By Josh Whitener
It’s official: By late 2016, Matthews residents and commuters will be driving on four lanes along a stretch of South Trade Street.
Commissioners voted Monday, June 24, to approve a controversial project that will widen South Trade Street from just north of Matthews United Methodist Church to just beyond its intersection with Chesney Glen Drive and the Matthews Athletic and Recreation Association. The vote comes after years of discussion and two recent votes against widening South Trade. Town spokeswoman Annette Privette Keller said a construction start date hasn’t been set, but the project should be complete by late 2016.
Approximately 16,000 vehicles travel South Trade Street each day, according to a news release from the town.
“I think we’ve actually gone forward with something,” Mayor Pro Tem Paul Bailey said at the meeting. “This is the third vote. We’ve persevered, continued down a road to get something done, and we came up with an agreement that everybody worked on, and I’m proud of what this board has done.”
The $5.2 million project is an alternative to the original $7.7 million plan to widen South Trade to its intersection with Pleasant Plains and Weddington roads. The full project would’ve cost the town about $2.5 million more than its alternative due to the high costs of widening the road along a culvert at Four Mile Creek.
After the widening is complete, the stretch of South Trade will include four lanes with a landscaped median. The improvements also will include a portion of Fullwood Lane near its intersection with South Trade and the “Courtney Connector” – a new entrance and exit from the Courtney neighborhood to the traffic light at MARA – giving Courtney residents easier access to their homes. The entrance to Courtney via South Trade Street will become a right-in/out only.
Plantation Village developers will construct a new entrance and exit from the Hampton Green subdivision to Fullwood Lane, called “Talbot Court,” as part of their own project. The town isn’t sure when Talbot Court will be constructed, but Privette Keller said leaders are hoping it will be at the same time as the South Trade widening.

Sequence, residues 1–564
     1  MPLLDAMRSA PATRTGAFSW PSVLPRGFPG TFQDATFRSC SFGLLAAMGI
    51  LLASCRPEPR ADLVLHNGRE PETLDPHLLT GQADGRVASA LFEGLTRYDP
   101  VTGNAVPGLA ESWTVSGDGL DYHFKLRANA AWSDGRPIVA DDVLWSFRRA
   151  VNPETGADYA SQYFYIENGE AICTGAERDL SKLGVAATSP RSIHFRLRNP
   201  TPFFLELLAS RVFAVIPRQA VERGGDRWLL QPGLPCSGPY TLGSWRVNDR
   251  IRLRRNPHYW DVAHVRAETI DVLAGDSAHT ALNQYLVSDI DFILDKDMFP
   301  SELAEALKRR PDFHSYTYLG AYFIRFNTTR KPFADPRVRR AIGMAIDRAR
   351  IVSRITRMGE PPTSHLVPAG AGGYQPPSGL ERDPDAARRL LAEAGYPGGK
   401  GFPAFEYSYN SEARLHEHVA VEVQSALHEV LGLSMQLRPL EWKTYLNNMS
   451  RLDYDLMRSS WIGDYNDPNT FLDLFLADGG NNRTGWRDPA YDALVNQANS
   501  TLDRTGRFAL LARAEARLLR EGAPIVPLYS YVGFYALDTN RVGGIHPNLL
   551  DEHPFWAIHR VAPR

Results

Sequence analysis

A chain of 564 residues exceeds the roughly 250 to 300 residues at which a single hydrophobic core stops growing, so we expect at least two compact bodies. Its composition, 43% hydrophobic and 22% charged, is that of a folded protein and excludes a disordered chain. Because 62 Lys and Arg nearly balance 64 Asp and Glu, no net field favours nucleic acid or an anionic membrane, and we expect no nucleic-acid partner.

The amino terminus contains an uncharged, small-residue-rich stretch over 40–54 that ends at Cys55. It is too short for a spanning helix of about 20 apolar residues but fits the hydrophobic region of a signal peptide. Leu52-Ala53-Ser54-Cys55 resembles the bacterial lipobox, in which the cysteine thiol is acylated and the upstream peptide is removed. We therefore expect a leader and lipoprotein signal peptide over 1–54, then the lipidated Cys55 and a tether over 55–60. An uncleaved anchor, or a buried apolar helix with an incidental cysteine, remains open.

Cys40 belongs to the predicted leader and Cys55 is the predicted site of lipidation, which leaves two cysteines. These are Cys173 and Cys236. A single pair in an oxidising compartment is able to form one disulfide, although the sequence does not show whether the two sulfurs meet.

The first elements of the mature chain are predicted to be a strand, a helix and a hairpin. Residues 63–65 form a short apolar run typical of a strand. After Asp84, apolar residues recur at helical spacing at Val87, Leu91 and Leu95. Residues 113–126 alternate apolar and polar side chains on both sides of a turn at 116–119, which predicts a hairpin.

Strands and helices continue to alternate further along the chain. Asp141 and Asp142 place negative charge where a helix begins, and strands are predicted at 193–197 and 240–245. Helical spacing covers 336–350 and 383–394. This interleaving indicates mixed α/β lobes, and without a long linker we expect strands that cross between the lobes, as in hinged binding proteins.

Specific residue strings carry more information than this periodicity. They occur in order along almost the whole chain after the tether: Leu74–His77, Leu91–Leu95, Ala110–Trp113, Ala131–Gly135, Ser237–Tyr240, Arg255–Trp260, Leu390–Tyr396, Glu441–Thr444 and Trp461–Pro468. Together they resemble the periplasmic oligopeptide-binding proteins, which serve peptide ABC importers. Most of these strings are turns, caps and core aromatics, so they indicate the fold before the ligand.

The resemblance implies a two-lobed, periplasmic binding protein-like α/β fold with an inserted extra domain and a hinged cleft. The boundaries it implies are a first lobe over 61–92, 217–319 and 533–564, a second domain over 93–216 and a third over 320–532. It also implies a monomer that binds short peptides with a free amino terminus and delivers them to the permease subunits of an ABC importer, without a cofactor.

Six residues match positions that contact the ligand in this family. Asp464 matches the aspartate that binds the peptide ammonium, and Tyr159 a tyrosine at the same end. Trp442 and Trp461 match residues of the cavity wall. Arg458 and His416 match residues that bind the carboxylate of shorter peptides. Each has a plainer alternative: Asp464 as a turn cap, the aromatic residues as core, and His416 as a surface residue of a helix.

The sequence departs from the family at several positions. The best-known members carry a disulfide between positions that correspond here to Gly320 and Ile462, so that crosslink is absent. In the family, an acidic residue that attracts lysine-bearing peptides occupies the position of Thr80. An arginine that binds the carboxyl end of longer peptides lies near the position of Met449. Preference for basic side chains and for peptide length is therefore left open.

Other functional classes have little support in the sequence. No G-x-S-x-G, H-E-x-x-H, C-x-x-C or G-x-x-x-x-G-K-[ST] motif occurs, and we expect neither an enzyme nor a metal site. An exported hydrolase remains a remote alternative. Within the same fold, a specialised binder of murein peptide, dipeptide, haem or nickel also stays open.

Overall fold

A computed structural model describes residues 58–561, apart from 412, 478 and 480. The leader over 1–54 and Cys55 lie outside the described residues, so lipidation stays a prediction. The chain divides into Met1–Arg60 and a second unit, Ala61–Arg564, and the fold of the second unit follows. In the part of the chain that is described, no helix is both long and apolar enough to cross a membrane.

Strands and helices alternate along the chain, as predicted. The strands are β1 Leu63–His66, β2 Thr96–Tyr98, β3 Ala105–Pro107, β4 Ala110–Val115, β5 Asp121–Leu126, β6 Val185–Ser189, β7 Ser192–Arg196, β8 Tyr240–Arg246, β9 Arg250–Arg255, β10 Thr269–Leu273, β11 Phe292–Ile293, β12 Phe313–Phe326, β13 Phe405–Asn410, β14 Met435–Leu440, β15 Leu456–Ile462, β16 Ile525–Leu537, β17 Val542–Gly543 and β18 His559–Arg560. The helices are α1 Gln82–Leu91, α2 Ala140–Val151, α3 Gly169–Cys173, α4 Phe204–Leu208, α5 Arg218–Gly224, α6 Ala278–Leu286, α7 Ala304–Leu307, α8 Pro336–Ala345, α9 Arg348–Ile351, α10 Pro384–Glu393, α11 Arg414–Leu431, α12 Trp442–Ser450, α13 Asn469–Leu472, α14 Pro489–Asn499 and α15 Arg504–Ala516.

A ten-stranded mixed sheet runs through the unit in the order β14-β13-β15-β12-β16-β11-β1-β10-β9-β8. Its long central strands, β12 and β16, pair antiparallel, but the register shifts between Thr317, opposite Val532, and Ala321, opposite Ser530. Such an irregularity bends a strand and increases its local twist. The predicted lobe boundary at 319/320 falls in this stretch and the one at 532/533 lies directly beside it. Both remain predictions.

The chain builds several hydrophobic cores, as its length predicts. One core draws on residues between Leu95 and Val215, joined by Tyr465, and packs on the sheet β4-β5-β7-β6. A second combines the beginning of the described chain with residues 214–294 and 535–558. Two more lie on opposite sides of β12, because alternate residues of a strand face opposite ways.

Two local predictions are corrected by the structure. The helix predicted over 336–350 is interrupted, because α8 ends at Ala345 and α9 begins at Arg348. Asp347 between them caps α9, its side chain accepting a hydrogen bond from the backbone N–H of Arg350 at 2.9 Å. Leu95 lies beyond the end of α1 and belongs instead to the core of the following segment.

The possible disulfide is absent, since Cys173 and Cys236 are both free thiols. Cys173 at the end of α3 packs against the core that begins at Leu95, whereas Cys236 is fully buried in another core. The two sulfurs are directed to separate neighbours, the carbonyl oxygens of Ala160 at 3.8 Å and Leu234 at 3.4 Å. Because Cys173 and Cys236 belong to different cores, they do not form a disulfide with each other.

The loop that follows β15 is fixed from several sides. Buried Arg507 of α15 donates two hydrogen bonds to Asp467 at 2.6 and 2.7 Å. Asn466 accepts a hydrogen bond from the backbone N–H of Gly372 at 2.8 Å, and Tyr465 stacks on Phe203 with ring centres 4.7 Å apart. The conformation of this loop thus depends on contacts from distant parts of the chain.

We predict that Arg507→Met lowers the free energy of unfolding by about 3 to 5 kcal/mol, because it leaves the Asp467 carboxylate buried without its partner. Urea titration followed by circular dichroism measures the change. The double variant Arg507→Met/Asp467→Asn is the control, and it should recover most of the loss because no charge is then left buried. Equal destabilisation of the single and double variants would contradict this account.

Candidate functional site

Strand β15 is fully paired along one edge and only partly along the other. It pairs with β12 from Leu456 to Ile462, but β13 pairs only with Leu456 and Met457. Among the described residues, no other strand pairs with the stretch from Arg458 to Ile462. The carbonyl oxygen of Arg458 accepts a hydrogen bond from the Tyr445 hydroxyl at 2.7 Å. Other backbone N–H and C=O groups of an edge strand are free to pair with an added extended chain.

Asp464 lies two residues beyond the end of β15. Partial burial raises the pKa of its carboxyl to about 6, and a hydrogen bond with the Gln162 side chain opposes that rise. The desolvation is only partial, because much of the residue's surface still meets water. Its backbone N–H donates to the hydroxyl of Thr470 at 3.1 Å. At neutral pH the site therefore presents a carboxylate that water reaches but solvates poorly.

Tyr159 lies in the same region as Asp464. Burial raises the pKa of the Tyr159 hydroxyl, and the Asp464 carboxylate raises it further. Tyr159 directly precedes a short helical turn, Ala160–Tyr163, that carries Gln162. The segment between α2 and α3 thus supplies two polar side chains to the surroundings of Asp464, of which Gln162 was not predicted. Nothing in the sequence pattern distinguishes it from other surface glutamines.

The improvements approved by commissioners will likely raise taxes by 1.5 cents per $100 of taxable property, according to Town Manager Hazen Blodgett. The tax increase likely won’t begin until the 2015-16 fiscal year, he said.
Mayor Jim Taylor said in the meantime the town will pursue securing funding for the project from outside sources, such as grants and the North Carolina Department of Transportation.
“We’re also looking at ways to mitigate that (cost) … and it could potentially (cost the town) less” than $5.2 million, Taylor said.
Although the vote to approve the alternative project was unanimous, some commissioners still had reservations. Commissioner Kress Query said he wasn’t thrilled about the town being responsible for widening a state road.
“I do have serious concerns that we’re spending a ton of money on a state road,” he said. “I really don’t believe that it’s gonna improve the (traffic congestion) that much … but I hope it does what it’s supposed to do, and I think, trying to work as a group here, we decided to support (widening) that portion, which we have bond money for.”
The board voted first in May and again on June 10 against the $7.7 million project, with Taylor and commissioners Nancy Moore and Jeff Miller in favor of the full project, and Bailey, Query, John Urban and Suzanne Gulley against it. At the June 10 meeting, several commissioners requested a special meeting, held last week, to work on a compromise.
Prior to the votes, the town had conducted multiple traffic and engineering studies – totaling nearly $1 million – on the South Trade corridor. All studies concluded widening South Trade was the best way to alleviate traffic congestion along the corridor.